We started issuing laptops to select staff over 7 years ago. Every year since we issue more and more of them. In general we have found they improve productivity and are no more trouble than desktop pcs. You will want to modify your policies and procedures to include issued laptops. Most of our regular staff computer polices covered them as well as the desktops and we already had procedures for issuing equipment to staff which we modified to include laptops. In answer to your questions:


1.       Yes. We solicit input from the staff who will use them as to specifications (screen size and features). They don’t get to choose make, that’s left to IT. We have tried netbooks but after the novelty wore off staff preferred something a little larger. We also issue smart phones to a few select staff who have a demonstrated need.

2.       Depends on the need. Most of the laptop users have a desktop pc as well.

3.       Depends on the need, but we tend to have more problems with the loaners and floaters than we do the units that are issued to a specific person. They just take better care of them when it is “their” laptop.

4.       Yes.

5.       Our policy provides for holding the user responsible if they were negligent but in practice we never have. Over the years we had one stolen, two damaged from dropping, and one damaged from being run over. We probably will deploy tracking software next fy, budget permitting.

6.       Personal preference. We have bought docking stations but most users just plug in an external monitor and use an external mouse. Only one uses and external keyboard. A couple just use the laptop alone.

7.       We have in-house IT and laptops get the same support as our desktops. 24/7/365 for critical work stopping issues, next business day for everything else. If outside normal business hours support is limited to email and telephone. The only time a laptop user has ever called in for support has been when they were away at conferences or workshops and once when a staff member was in the hospital for an extended stay and was working from there. Normally they just bring the laptop in to IT if there is a problem. We generally have fewer support calls on laptops.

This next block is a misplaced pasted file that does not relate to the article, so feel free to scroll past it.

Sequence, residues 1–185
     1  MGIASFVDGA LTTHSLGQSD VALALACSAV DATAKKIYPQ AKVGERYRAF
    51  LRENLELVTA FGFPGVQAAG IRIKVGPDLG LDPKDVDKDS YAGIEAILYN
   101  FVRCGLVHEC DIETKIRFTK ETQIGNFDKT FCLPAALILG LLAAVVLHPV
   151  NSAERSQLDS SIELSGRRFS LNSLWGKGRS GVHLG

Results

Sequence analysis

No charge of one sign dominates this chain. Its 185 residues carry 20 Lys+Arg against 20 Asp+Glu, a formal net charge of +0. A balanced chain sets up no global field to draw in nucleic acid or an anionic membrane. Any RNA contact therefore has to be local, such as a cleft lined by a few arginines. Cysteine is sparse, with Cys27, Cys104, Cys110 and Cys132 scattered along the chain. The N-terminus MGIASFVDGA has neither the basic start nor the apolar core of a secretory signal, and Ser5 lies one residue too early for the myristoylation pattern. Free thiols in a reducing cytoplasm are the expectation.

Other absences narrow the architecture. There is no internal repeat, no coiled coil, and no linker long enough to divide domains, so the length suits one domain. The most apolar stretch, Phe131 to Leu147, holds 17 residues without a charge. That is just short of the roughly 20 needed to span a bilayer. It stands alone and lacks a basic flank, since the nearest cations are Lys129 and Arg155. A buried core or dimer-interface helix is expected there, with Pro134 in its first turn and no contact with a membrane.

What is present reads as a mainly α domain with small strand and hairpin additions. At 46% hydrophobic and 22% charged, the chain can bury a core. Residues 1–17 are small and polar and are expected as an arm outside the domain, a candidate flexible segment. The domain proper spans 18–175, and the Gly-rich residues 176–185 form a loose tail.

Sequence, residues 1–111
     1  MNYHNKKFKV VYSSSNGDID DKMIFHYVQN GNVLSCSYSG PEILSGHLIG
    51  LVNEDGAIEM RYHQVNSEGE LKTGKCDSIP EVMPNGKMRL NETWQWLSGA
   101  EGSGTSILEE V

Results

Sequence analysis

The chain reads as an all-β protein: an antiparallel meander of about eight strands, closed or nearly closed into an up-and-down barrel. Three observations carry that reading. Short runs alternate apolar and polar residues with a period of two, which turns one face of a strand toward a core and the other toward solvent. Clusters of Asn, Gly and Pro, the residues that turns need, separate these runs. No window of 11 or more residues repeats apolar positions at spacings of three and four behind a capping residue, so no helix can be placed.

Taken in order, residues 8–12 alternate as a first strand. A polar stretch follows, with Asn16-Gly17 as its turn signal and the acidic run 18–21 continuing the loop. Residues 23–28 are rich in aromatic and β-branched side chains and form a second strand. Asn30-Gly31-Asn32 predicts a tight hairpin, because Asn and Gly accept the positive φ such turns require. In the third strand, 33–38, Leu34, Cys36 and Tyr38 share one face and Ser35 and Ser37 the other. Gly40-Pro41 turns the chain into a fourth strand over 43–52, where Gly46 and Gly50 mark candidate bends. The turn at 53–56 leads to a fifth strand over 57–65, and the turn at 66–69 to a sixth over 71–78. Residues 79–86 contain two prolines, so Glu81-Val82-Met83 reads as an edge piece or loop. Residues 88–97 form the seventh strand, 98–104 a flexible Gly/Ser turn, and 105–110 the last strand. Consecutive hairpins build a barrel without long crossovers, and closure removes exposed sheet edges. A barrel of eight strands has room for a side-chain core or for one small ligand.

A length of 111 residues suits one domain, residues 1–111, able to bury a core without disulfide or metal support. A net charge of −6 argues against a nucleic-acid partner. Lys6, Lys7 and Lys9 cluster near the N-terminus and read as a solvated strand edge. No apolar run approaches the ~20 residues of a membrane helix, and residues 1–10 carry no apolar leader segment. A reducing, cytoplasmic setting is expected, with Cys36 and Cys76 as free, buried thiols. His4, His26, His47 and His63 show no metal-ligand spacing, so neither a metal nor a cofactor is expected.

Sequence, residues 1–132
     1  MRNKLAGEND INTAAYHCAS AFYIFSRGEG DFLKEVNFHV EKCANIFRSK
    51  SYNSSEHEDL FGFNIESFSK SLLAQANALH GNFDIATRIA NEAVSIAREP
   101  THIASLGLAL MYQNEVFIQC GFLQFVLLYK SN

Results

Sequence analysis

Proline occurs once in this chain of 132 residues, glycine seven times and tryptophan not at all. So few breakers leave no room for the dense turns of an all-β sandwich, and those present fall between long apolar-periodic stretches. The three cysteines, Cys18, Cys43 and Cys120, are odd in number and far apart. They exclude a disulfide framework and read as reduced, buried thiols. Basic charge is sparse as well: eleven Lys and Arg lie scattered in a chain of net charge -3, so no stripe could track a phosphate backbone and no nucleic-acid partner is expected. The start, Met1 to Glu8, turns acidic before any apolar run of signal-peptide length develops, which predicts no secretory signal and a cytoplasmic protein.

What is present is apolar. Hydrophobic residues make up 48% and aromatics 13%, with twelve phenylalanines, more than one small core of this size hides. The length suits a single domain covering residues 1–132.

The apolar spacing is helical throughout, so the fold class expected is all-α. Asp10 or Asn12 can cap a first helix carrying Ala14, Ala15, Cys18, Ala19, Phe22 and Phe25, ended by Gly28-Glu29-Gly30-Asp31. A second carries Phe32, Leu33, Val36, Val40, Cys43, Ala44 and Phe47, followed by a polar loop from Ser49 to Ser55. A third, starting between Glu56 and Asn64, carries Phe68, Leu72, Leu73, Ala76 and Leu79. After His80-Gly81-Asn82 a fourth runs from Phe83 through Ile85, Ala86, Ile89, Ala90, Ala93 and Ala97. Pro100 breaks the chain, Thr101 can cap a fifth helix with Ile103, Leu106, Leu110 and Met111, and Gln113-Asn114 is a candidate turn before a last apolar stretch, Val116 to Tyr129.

8.       We do not allow any protected staff or patron data on laptops, flash drives, CDs, etc. that leave the facility. This is strictly enforced and briefed to staff all the time. At this time we do not encrypt laptops.

9.       They tend to cost more than desktop pcs but support time is about the same. Besides an occasional memory upgrade we don’t upgrade laptops like we tend to do with desktop units. We buy at least a computer carrying case and an external mouse for each laptop. For some users, depending on need, we also buy auto chargers, cellular modems, and other accessories. Laptops tend to be in service about 4 years before being replaced while we have some desktops that are twice that old. When past their prime we sometimes repurpose laptops as static machines for pacs or to drive public information displays.

10.   We don’t allow staff administrative privileges on the laptops and only software installed by IT is allowed. Our network based antivirus software is installed and the systems are set to auto update when connected to our network. IT keeps an eye on when they last connected to the network and can recall a machine if it hasn’t been in for a while.




Phillip B. Whitford

Infrastructure Manager

Braswell Memorial Library

Rocky Mount, NC 27804


From: Heckbert Jr, Richard W. [mailto:[log in to unmask]]
Sent: Monday, June 14, 2010 9:24 AM
To: [log in to unmask]
Subject: [LIBNT-L] Laptops for staff


Good morning everyone,


We are getting many requests this fiscal year from our reference librarians for laptops.  Before we move in this direction I wanted to ask some questions of the group.


1.       Do people have staff with laptops? 

2.       If so, are they a replacement for their traditional desktop machine or in addition to?

3.       Are they assigned to one person or are they “floaters/loaners”?

4.       Are they allowed to take them home?

5.       Who is responsible for them if lost or damaged while out of the building?  Do they have tracking software on them?

6.       What setup are people using for laptops if they are the replacement for a desktop?  Are staff using docking stations with separate monitors and keyboards?

7.       What type of service agreement is in place with IT as far as off hours support and support at home?

8.       What about personal/personnel data if they leave the building?  Is anyone encrypting them?  Massachusetts just enacted some of the toughest personal information laws in the country.

9.       Are they taking up more support time/budget?

10.   What type of security are people using on  them?  Especially as relates to bringing security risks inside your network?


I would really appreciate any experiences or opinions you may want to share and thanks in advance for your replies.


Rick Heckbert
Library Systems Adminsitrator
Tisch Library
35 Professors Row
Tufts University
Medford, MA 02155                                                                                                                          

“The difference between men and women is that, if given the choice between saving the life of an infant or catching a fly ball, a woman will automatically choose to save the infant, without even considering if there's a man on base.”
-Dave Barry